The shift of imports toward China and away from the US and other Asian countries has substantially reduced prices, thereby curbing the growth of the trade deficit in investment goods. The nominal deficit was nearly unchanged from the previous decade, whereas the volume of imports was up by half. This accompanied the recent shift in the growth of Canada’s economy to investment.

Canada imports fewer consumer goods than investment goods, but the shift away from the US as a source of imports was even more pronounced for consumer goods. The US accounted for only 34% of these imports in 2005, compared with 52% in 1997 and 45% in 1990. The beneficiaries of this trend were China and Europe. More than a quarter of our imported consumer goods now come from China (clothing, sports equipment, furniture, watches, etc.); the value of these imports was about $10 billion in 2005, compared with $5 billion in 2000. Roughly two-thirds of the increase in Canada’s spending on household appliances in 2005 went to imports from China, while retail prices for such goods fell to their lowest levels in 20 years. Europe was Canada’s leading source of pharmaceutical imports in 2005, supplying about $4.5 billion worth of such products, more than the US. Mexico and other countries continued to have a marginal share of our consumer goods imports.

Since 2000, Japan has fallen behind China to third place on the list of our largest trading partners. It is often overlooked that our trade deficit with Japan, and Asia as a whole, has moderated considerably, especially when compared with our overall trade surplus. This is hardly surprising, since Japan lost much of its competitive strength, which left it in recession for much of the 1990s when the yen rose 70% (and remains high today). Another factor is the construction of Japanese car manufacturing plants in other countries. In 2005, nearly 40% of Canada’s vehicle output was made by foreign manufacturers, up from 25% just five years earlier. Only Korea has been gaining market share since 1990, partly because it closed the only plant it had in Canada. One-third of our imports from Korea in 2005 were automotive products.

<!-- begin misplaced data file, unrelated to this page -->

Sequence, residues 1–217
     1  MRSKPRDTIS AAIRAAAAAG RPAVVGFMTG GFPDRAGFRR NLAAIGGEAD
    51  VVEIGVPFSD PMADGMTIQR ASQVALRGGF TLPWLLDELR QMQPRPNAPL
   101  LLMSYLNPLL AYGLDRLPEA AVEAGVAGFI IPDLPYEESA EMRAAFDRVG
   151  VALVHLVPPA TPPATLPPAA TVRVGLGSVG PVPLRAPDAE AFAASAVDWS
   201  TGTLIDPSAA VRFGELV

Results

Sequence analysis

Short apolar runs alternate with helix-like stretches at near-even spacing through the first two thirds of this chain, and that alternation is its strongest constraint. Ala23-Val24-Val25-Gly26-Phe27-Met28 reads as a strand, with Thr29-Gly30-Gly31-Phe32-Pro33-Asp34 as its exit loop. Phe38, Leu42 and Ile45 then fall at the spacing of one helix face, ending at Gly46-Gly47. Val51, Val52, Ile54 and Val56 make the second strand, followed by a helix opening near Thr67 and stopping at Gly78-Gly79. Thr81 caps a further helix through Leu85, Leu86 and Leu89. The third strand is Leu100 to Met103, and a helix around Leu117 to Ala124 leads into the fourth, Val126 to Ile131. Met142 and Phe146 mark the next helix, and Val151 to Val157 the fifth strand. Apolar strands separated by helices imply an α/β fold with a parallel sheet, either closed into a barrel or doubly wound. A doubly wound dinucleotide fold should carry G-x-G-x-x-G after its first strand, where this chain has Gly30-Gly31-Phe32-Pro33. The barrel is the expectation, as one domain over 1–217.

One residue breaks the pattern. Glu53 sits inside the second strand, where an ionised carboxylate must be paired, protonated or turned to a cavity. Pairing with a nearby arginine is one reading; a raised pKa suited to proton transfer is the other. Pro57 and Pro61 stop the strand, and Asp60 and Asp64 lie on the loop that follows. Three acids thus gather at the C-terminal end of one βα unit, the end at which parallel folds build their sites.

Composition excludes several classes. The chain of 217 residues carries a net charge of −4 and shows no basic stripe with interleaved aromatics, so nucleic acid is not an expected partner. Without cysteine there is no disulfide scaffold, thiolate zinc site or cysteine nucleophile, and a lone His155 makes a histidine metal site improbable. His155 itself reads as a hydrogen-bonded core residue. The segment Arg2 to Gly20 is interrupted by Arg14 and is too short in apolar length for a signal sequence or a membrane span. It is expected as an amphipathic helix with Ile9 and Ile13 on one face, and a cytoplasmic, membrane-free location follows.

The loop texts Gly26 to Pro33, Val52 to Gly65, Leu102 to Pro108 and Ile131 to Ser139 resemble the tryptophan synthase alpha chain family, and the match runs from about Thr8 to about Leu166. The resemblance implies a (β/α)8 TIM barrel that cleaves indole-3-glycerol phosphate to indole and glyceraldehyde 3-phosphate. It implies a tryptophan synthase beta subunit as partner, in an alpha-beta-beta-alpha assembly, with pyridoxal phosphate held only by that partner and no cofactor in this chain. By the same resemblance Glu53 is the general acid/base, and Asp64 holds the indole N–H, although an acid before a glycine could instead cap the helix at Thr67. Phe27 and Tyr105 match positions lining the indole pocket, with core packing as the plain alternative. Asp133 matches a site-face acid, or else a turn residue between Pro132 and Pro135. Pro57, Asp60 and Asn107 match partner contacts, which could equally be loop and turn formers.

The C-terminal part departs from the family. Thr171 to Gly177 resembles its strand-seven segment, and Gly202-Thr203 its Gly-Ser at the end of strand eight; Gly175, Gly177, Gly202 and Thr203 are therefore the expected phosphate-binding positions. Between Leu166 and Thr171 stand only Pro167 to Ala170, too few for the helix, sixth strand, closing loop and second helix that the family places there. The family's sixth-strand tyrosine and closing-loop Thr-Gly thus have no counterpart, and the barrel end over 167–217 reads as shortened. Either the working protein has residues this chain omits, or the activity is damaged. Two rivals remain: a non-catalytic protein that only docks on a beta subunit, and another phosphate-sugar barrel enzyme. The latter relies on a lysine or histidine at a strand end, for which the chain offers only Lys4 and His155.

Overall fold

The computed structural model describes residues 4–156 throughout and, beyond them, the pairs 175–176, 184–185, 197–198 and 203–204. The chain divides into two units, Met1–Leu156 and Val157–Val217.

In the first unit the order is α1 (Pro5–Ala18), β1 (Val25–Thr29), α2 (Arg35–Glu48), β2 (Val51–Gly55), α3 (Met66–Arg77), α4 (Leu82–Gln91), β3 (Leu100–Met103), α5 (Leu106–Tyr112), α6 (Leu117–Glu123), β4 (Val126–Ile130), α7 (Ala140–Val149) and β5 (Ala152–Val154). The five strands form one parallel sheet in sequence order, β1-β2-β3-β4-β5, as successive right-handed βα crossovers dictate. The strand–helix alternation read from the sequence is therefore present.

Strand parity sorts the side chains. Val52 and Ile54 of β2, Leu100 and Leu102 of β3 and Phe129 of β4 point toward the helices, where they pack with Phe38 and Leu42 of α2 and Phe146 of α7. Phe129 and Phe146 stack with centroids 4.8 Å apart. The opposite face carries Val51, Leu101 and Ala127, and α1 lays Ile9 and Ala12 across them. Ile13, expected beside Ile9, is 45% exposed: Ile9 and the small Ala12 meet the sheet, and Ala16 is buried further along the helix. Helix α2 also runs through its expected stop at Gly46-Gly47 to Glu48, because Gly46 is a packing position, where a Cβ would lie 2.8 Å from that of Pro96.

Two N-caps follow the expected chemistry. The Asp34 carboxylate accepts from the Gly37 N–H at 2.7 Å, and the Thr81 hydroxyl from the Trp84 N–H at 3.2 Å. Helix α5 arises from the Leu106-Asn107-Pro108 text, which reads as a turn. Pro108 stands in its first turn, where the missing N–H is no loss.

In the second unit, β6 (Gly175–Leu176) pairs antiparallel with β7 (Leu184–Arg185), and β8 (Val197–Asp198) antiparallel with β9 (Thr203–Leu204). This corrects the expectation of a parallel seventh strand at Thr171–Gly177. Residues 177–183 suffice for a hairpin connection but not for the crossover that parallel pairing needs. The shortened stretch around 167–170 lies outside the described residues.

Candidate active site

Canada has been in the vanguard of the rapid growth of world trade since 1990, continuing our long-standing tradition as a trading nation. The increasing integration of Asia, especially China, into the world economy suggests this will continue in the foreseeable future.

The surge in Asian demand has been a boom to our resource exports, especially industrial goods such as metals and chemicals. Still, the US remains our dominant export market, because it is the destination for almost all our energy and auto exports.

Our imports have diversified away from the US, mostly due to increases from China which has made inroads into many of our consumer and investment goods. But some of the growth in China is illusory, reflecting its role in assembling parts manufactured in other Asian countries.

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* Current Analysis Group (613) 951-3627.
1 Data after 1950 come from the World Trade Organisation. Pre-1950 data are from Angus Maddison, Monitoring the world economy. 1820-1992. OECD; 1995.
2 Resources are grouped together in the following economic use classification: agricultural products; industrial goods (including metals and chemicals); energy; and forestry products.
3 Japan Automobile Manufacturers Association of Canada.